About the Author

Ilya Rabinovich (1965) was born in Chişinău, Moldova (former USSR) and emigrated with his family to Israel in 1973. From 1998 to 2000 he attended the State Academy For Visual Arts in Amsterdam, and since then he lives and works in Amsterdam.

  1. Peter Koopman

    Says:

    “Museutopia is typisch een boek waar je wat langer bij stil moet staan dan je aanvankelijk geneigd bent te doen. Je moet vertrouwen op de fotograaf en de essayisten in het boek om je blik te laten leiden. Kijken is niet alleen een visuele aangelegenheid. Onze kennis en ervaring leidt onze blik. We anticiperen op hetgeen we denken te zullen gaan zien. Zonder deze kennis, geen verwachtingen en geen waarneming.”
    (in Dutch)
    Read more on: CADOC.NL

  2. Hellen Kooijman

    Says:

    “Naast foto’s staan er in het boek ook diverse gesprekken met kunstkenners. Ze dienen geen gemakkelijke kost op. Wat ze vertellen is evenwel noodzakelijk Moldavië enigszins te kunnen begrijpen.”
    Hellen Kooijman in Donau 2012, no. 3 (in Dutch)

  3. Serguei Alex

    Says:

    “Taken together, the photos and the texts produce in Museutopia a refreshingly hybrid result: the visual documentation of documents, dispassionately performed by Rabinovich, is emotionally recharged in interviews and essays. Published by Alauda Publications, a new publishing house based in Amsterdam, Museutopia is a successful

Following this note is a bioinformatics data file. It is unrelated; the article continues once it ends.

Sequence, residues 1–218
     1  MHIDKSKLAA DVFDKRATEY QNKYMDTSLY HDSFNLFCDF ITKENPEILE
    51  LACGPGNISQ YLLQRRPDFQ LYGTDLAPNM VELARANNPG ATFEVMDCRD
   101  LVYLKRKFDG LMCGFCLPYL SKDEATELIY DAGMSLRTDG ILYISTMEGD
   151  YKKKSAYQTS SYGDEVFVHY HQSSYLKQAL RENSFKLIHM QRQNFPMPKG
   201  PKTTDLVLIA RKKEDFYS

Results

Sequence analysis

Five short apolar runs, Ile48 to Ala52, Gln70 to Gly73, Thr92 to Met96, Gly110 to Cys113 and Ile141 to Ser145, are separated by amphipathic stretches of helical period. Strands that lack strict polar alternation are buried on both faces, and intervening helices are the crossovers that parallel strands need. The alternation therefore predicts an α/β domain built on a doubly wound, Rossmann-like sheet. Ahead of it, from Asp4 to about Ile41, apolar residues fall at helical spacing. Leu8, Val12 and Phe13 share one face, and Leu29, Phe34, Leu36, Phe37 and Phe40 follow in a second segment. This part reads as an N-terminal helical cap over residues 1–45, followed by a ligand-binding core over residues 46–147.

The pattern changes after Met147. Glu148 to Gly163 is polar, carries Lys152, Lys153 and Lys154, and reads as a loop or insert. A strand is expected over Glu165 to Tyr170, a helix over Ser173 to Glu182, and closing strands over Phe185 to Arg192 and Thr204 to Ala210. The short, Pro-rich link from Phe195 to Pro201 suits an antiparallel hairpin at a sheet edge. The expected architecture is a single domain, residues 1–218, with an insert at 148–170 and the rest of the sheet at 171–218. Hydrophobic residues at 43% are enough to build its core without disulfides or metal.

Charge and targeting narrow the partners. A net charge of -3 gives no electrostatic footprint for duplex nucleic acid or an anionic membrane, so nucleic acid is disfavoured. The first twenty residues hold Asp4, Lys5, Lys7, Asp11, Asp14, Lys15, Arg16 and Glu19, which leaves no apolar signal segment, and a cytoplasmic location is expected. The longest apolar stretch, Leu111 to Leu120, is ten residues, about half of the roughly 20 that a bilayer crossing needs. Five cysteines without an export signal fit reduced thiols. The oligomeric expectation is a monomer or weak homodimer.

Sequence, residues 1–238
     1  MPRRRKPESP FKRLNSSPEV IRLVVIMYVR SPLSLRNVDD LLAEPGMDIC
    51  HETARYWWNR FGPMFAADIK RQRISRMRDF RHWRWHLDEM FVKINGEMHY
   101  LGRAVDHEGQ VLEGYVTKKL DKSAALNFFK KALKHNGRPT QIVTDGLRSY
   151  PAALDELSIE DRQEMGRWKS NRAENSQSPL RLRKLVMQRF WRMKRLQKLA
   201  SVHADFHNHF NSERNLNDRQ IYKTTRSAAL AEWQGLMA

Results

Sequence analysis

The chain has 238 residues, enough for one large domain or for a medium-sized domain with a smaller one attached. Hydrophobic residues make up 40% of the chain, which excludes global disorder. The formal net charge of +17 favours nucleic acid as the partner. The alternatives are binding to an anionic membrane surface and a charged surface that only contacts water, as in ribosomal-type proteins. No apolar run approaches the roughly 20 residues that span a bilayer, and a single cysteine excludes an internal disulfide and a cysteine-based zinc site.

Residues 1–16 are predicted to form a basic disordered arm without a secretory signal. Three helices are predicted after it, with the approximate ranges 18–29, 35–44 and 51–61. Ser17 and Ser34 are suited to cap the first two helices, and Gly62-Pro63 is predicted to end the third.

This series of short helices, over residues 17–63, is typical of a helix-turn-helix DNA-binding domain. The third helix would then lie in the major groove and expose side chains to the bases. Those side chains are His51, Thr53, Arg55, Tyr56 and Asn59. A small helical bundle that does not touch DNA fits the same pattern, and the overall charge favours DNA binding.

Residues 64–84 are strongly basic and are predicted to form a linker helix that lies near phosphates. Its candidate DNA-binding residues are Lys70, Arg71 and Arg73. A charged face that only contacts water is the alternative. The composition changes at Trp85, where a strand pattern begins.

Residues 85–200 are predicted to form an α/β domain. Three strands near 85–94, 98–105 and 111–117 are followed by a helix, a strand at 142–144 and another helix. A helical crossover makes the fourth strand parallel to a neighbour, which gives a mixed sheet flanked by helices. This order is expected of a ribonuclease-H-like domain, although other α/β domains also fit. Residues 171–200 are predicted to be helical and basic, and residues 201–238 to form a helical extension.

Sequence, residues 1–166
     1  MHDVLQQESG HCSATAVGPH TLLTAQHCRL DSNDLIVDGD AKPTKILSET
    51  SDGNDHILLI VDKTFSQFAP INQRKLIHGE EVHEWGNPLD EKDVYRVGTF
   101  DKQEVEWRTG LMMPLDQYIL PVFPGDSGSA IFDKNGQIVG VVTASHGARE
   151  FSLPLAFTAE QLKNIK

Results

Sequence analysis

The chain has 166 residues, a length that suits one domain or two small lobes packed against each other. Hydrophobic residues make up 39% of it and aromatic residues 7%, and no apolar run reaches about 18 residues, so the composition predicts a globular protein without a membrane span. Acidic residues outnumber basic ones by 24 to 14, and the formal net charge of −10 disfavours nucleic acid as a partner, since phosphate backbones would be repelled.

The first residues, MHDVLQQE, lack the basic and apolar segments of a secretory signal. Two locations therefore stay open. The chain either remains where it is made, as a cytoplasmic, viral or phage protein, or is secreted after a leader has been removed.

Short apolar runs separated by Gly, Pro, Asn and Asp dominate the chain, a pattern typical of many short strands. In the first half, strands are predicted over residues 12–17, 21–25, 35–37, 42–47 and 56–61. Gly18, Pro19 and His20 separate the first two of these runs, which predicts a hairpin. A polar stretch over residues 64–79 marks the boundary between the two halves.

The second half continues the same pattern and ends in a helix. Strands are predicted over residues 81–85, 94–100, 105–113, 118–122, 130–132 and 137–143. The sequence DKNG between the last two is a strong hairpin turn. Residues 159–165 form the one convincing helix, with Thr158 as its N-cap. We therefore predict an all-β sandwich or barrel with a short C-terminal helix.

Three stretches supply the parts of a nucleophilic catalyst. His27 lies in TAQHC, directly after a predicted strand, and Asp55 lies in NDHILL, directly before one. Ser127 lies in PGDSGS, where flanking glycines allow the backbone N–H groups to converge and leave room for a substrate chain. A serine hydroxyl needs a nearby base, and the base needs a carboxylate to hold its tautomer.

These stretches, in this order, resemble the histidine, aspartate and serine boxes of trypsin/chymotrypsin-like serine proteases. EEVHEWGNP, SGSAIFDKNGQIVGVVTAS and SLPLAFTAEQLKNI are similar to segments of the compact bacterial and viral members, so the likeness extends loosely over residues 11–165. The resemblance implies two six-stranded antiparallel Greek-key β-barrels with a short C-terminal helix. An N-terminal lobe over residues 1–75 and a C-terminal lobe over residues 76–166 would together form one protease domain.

example of the productive cooperation of a thoughtful artist, innovative scholars, and adventurous editors. It would be great to see this type of intervention in the studies of post-Communist identity and history politics continue.”
    Read complete review

  4. Ludmila D. Cojocaru

    Says:

    “I completely agree with the editors proposal to approach this ‘journey to Moldova‘ as an opportunity to see ‘the ways in which the “black holes” that have been hit in the past have ambiguously but powerfully created the ground for new forms of
    cultural nationalism’ (p. 10).”
    […]
    “I consider ‘Museutopia represents both an ironic and a critical response to the current situation in Moldova‘ (p. 38). The well crafted design of the book and the sensitive approach of this art-project can serve, in my opinion, both as source for new knowledge accretion as well as a resource for building new studies’.”
    Ludmila D. Cojocaru in Brukenthalia, Romanian Cultural History Review, no. 3. (2013)
    Read complete review

  5. Antonina Sarbu

    Says:

    “Pe scurt, prin suprapunerea atâtor realități/fenomene/stări/drame ale cetățeanului acestui secol, proiectul este o reuşită. Motiv pentru care vă îndemn la lectură.”
    Antonina Sarbu on citesteacum.ro (in Romanian)

  6. Jennifer Cash

    Says:

    “Rabinovich’s descriptions very subtly raise questions about the effects of repeated occupations and accompanying violence (prehistory); agency, collaboration, victimization, and the relativization of evil (world wars); idealization, utopian thinking, and moral responsibility (murals).”
    Jennifer Cash in Slavic Review vol. 72, no. 2 (Summer 2013)
    Read complete review